The 5 Dollar denomination from the unissued 1924 series of Mongolia (Pick-4r), offered in lot 27486 in PMG About UNC 55 is one of the classic banknote designs of the 1920s. Extremely colorful, the design is a radical departure from the designs typically used on banknotes at the time. A popular series with collectors worldwide, this note carries a pre-auction estimate of $2,000-$3,000.
High denomination notes remain popular with collectors, and one such note is offered in lot 27632. This is a $500 note from the first series of banknotes for Singapore (Pick-7), issue circa 1972 and graded About Uncirculated 50 EPQ by PMG. While not the highest denomination in the series (there was a $1,000 note and even a $10,000 note issued) $500 represented a large sum of money at the time of issue and as a result this note saw limited issuance and is scarce today. It carries a pre-auction estimate of $1,000-$1,500.
Lot 27706 either a printing remnant or test piece for a 20 Dirhams dated 1997 from the United Arab Emirates (Pick-21). Highly unusual, it grades AU and features no serial numbers, although a partial signature is seen. An interesting piece worthy of more research, it carries a pre-auction estimate of $1,000-$1,250.
Lot 27730 is a possibly unique and unpublished pair of trials for Uruguay, these are separate front and back with selvage for a 100 Pesos prepared for the “El Departamento de Emision del Banco de la Republica Oriental Del Uruguay”. Evidently unpublished and the first we have seen with this particular bank name. This design would ultimately be issued by the Banco Central del Uruguay, which issued its first banknotes for Uruguay in 1966 and continues to do so until this day. The various denominations of the 1966 series for the Banco Central were printed by Thomas de la Rue, while the trial pieces in this lot were printed by the United States Banknote Corporation, possibly in an attempt to win the contract to print the new series. It is possible that the bank name had not been decided on yet, as other trial pieces exist of this design printed for the “Banco Central de la Republica Oriental del Uruguay,” which was considered too similar to the name of a commercial bank operating in Uruguay at the time. Highly unusual and possibly unique, this lot offers an exciting opportunity for the South American specialist, and carries a modest pre-auction estimate of $800-$1,000.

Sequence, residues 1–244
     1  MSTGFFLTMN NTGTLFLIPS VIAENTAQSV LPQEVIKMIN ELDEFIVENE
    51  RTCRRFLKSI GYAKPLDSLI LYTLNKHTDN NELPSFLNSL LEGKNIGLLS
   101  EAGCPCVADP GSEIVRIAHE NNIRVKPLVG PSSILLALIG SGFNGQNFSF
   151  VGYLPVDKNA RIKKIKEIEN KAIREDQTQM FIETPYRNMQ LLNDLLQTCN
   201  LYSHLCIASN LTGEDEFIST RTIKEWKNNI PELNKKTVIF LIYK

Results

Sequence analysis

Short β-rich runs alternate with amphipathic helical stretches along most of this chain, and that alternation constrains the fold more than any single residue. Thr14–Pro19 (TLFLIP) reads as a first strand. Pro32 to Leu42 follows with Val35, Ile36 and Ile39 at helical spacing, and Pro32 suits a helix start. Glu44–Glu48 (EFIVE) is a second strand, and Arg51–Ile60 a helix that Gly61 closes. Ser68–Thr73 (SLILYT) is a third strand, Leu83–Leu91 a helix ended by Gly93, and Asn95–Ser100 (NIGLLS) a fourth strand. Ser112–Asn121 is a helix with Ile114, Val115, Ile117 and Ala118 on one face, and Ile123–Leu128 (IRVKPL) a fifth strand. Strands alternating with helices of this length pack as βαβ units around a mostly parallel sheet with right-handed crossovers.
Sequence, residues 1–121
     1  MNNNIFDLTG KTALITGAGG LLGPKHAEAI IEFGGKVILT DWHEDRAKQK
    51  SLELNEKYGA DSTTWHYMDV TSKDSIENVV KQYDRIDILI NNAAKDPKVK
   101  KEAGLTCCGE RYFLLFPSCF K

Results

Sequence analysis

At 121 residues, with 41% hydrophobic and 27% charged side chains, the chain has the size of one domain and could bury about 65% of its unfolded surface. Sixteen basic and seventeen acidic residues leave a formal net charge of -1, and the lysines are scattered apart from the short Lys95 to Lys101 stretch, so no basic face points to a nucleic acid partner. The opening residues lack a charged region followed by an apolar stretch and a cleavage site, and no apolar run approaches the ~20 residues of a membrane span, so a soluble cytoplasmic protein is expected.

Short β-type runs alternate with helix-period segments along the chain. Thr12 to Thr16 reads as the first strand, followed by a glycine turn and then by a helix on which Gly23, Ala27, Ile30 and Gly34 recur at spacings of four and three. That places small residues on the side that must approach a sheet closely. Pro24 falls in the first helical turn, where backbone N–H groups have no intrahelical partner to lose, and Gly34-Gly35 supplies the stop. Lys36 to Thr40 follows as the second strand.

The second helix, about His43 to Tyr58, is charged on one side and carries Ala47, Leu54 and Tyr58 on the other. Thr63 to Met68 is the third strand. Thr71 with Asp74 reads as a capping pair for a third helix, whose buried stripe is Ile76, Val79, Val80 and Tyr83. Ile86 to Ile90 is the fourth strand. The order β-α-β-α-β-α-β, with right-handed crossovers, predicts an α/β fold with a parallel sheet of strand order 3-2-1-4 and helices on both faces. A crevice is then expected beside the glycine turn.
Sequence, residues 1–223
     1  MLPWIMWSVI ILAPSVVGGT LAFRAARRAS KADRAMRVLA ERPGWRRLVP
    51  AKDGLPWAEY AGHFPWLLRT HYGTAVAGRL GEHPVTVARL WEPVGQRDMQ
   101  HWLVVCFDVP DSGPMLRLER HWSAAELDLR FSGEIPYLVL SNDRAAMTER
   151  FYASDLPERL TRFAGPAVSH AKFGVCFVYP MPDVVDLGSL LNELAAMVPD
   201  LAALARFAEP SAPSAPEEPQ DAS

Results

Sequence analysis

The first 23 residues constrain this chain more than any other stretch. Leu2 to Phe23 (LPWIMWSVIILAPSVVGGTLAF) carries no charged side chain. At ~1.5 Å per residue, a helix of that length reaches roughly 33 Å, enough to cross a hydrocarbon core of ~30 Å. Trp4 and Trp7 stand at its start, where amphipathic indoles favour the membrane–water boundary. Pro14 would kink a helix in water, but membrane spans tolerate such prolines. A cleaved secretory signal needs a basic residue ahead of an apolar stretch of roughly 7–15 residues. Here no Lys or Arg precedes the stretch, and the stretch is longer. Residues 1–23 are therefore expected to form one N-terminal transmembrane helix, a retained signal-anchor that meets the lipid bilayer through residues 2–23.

Foreign Exchange Certificates are issued in (predominantly) communist countries, typically as a way to control money circulation. Lot 27741 offers one of the rarest of such issues, a 1981 5 Dollars Foreign Exchange Certificate from Viet Nam (Pick-FX9) graded Very Fine 25 EPQ by PMG. A high denomination type that is very rare, few of these have found their way into the collector’s market, as most were exchanged at local banks and they were not allowed to be exported. This relatively modern but extremely rare note carries a pre-auction estimate of $1,200-$1,500.